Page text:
P.S. By the way, I really like this light: on my offroad night rides, it seems to be perfect. Minor beam's irregularities aren't noticeable in real life at all, while powerful spot and good spill make riding very comfortable.

  14. #14
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    Quote Originally Posted by -Archie- View Post
    By the way, I really like this light: on my offroad night rides, it seems to be perfect. Minor beam's irregularities aren't noticeable in real life at all, while powerful spot and good spill make riding very comfortable.
    Have you measured the real output in lumens?

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    No. Lumen measurement requires complicated equipment, and I see no reasons to buy (or make) it just for fun.

    But it's possible to calculate approximate values based on known numbers. Cree XLamp produces about 100 to 160 lumens per watt (depending from current), so if we suppose driver's efficiency of mentioned light to be ~80% and multiply obtained ~3.5 watt per LED by, for example, 120 lumen/watt ratio, it gives total output to be about 3000 lumen. Probably, some additional losses are involved here as well (like random LED bins etc), so I'd expect it to be somewhere in between 2500 and 3000 lumens.

    It seems IMHO more or less realistic, and also backed by another light of similar design - Lupine Betty R, specified (and confirmed to be) as 3600 lumens at 40 watt.

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    So, in other words, even after the mod it's half the declared 6k value?

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    Quote Originally Posted by purifier82 View Post
    So, in other words, even after the mod it's half the declared 6k value?
    Par for the Chinese lights. Inflated lumen values, inflated battery capacity, premium bin spec. The only thing for sure with them is the case is some kind of aluminum and there are some LEDs in it. All else is left to imagination and chance.

  18. #18
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    purifier82, if you choose the lights based on chinese descriptions - this particular one is advertised on different web shops as 1800 to 7000 lumens, so you can select any number you like.

    If seriously, 3000 lumen is pretty bright, and as far as I know this light is currently most powerful bike light you can buy for reasonable price.

  19. #19
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    Let's hope my friend doesn't fry it while soldering the new component then ^_^

  20. #20
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    Ok, report your success then, and don't forget to apply thermal paste to the light's internals.

    A bit of advertising: this is a picture of our recent night ride. The guy on wooden "bridge" uses classical MagicShine "900 chinese lumen" clone, several others are illuminating the place with similar lights of various design, and photographer has fired camera flash. The thingy on the upper-left corner of picture is me with SkyRay running at max.




    Of course, such pictures are good for ads but not for serious comparison, but you'll get some impression about how it looks like...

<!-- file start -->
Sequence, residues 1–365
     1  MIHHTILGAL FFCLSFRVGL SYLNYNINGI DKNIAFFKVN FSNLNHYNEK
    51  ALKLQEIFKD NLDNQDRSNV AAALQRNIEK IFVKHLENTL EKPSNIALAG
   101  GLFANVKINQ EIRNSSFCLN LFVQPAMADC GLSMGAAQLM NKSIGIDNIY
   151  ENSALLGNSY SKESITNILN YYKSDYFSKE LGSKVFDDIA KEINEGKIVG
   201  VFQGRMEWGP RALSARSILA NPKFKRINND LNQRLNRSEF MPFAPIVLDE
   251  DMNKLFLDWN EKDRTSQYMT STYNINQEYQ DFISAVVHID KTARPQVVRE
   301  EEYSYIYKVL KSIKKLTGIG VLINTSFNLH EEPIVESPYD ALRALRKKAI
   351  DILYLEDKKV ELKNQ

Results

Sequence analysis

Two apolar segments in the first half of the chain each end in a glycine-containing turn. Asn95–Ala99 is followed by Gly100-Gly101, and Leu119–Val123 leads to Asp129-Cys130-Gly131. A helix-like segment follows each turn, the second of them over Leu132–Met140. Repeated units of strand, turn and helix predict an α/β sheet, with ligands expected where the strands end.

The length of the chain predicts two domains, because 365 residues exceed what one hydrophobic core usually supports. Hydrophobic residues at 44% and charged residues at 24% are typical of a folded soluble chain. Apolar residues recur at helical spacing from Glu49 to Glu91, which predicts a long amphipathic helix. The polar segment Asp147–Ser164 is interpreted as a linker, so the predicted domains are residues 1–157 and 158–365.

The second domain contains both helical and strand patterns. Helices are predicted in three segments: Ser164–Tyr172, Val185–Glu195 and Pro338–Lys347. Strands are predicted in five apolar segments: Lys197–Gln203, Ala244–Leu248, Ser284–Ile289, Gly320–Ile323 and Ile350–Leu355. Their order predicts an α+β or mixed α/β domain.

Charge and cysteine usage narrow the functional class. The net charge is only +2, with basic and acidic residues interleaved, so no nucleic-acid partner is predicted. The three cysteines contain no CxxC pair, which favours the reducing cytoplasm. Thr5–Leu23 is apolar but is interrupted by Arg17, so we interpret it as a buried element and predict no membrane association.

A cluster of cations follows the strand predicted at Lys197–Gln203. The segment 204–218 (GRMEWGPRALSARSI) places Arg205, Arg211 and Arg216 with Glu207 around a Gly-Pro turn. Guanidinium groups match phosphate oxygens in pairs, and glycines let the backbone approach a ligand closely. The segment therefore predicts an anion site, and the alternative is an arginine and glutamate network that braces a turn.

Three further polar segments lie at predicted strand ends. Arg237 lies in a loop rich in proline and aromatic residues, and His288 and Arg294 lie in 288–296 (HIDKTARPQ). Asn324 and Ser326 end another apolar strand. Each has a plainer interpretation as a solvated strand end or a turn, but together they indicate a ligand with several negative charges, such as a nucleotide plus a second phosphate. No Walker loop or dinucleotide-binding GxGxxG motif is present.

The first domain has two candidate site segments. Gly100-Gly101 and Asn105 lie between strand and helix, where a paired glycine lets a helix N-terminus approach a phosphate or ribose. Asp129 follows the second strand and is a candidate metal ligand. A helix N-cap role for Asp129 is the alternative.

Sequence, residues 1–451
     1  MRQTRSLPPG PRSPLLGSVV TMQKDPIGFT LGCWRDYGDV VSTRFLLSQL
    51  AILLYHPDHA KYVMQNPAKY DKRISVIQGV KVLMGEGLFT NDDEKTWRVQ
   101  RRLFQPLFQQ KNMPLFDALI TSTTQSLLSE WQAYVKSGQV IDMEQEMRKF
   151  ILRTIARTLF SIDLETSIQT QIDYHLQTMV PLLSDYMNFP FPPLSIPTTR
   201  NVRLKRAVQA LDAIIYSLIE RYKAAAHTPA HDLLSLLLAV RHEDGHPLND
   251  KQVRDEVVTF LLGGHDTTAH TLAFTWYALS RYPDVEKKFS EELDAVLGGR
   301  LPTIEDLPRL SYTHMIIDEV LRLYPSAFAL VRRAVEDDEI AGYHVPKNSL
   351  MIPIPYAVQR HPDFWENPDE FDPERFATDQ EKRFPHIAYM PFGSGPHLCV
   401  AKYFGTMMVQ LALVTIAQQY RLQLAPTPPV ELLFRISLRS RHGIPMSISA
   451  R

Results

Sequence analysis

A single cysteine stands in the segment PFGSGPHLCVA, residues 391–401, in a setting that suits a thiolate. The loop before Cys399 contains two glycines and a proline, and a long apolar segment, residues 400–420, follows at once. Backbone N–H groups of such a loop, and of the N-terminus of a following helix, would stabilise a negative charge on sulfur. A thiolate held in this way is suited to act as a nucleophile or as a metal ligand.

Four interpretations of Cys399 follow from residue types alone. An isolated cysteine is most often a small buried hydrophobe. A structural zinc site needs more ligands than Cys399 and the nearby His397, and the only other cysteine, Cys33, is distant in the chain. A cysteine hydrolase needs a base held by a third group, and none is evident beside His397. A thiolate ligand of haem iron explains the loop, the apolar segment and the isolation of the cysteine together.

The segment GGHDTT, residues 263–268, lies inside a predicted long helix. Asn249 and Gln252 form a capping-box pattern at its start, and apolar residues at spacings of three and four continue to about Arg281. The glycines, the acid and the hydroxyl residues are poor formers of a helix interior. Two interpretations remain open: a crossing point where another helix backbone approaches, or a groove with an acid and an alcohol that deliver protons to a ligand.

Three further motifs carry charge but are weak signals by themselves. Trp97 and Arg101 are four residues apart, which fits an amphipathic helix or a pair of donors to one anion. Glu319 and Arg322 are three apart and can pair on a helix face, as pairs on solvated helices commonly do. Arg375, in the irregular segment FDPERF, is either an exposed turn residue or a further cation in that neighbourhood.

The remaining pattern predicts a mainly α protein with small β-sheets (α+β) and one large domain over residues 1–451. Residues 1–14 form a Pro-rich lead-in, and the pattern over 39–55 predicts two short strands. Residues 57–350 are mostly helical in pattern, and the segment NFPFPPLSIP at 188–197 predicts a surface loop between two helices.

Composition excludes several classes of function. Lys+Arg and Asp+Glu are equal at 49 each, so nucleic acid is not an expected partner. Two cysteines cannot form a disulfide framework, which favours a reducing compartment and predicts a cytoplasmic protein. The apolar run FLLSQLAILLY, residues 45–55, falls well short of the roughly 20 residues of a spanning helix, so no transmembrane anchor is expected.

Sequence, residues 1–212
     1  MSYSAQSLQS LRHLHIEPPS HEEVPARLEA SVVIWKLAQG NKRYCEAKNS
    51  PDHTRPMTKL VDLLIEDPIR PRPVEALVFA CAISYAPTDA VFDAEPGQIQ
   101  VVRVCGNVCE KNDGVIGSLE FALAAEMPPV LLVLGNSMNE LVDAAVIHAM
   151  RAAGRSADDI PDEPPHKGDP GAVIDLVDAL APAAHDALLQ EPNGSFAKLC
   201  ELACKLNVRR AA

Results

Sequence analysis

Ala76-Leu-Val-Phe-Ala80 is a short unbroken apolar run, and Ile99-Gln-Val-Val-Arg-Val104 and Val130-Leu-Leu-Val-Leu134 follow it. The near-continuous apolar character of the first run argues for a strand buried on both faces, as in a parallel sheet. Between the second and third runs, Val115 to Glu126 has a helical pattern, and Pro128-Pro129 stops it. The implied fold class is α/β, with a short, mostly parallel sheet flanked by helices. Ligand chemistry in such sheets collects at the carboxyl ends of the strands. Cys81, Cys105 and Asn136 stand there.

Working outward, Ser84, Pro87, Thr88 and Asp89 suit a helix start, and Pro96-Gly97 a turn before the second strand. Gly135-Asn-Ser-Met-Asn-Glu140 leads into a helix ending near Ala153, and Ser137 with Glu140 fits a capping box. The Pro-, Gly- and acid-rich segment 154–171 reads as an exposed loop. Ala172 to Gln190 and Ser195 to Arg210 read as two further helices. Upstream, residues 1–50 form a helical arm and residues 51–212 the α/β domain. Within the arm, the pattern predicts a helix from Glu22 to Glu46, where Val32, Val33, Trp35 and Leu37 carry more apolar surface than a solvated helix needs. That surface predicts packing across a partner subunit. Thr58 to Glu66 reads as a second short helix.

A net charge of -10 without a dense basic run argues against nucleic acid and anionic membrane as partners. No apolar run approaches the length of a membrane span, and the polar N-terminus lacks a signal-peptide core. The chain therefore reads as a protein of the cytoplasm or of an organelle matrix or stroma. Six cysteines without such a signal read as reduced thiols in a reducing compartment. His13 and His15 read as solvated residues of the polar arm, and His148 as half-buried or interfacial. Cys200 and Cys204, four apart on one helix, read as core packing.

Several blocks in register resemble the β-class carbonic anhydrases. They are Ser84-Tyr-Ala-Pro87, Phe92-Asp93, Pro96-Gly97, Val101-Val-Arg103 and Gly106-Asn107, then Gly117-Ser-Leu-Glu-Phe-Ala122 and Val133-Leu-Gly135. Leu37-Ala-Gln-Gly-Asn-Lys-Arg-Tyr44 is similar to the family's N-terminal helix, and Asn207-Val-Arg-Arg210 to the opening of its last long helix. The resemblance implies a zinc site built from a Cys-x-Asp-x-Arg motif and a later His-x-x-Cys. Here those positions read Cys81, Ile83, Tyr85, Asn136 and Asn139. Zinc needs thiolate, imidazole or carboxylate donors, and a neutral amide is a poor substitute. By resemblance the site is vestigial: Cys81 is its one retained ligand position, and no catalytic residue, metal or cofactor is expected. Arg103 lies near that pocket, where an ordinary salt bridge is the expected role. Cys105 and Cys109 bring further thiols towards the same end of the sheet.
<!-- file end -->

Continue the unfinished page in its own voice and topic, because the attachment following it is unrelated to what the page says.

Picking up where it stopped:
21. #21
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    A picture is worth 1'000 words

  22. #22
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    Quote Originally Posted by purifier82 View Post
    A picture is worth 1'000 words
    Keep in mind that the lead bike has the light pointed away from the camera, while the nice bright one is likely pointed at the camera.

    Don't be put off by the fact that it will be less than half the advertised lumen count, that's still lots of light. IMO, beam shape is really important at this lumen level. If it is too floody, the close in area will be too bright and that fouls up your night vision to see out ahead.

  23. #23
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    Btw I've just opened it, those components are REALLY small, I hope my friend has good eyesight O_O

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    Archie,

    Independent of beam shot, lamp comparison, etc., that pic is beautiful. That withstanding, I want to see a real beam shot ASAP

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    Spoken with 3 different electronics expert friends, they wanna know if there is an exact model number/value for the resistor I have to add/replace (that I'm afraid I won't find in local shops...) :O

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    Quote Originally Posted by Vancbiker View Post
    Keep in mind that the lead bike has the light pointed away from the camera, while the nice bright one is likely pointed at the camera.
    Quote Originally Posted by steelhmr View Post
    Independent of beam shot, lamp comparison, etc., that pic is beautiful.
    Of course, actual difference between lights is not as big as picture shows it (hence I've noted it as "advertising"), but in any case the light is quite bright. Our local bike club's members are using various powerful lights for long time, so they're familiar with most setups consisting several single- and dual-XMLs, but this one caused many jokes like calling me "landing aircraft" and "approaching locomotive"...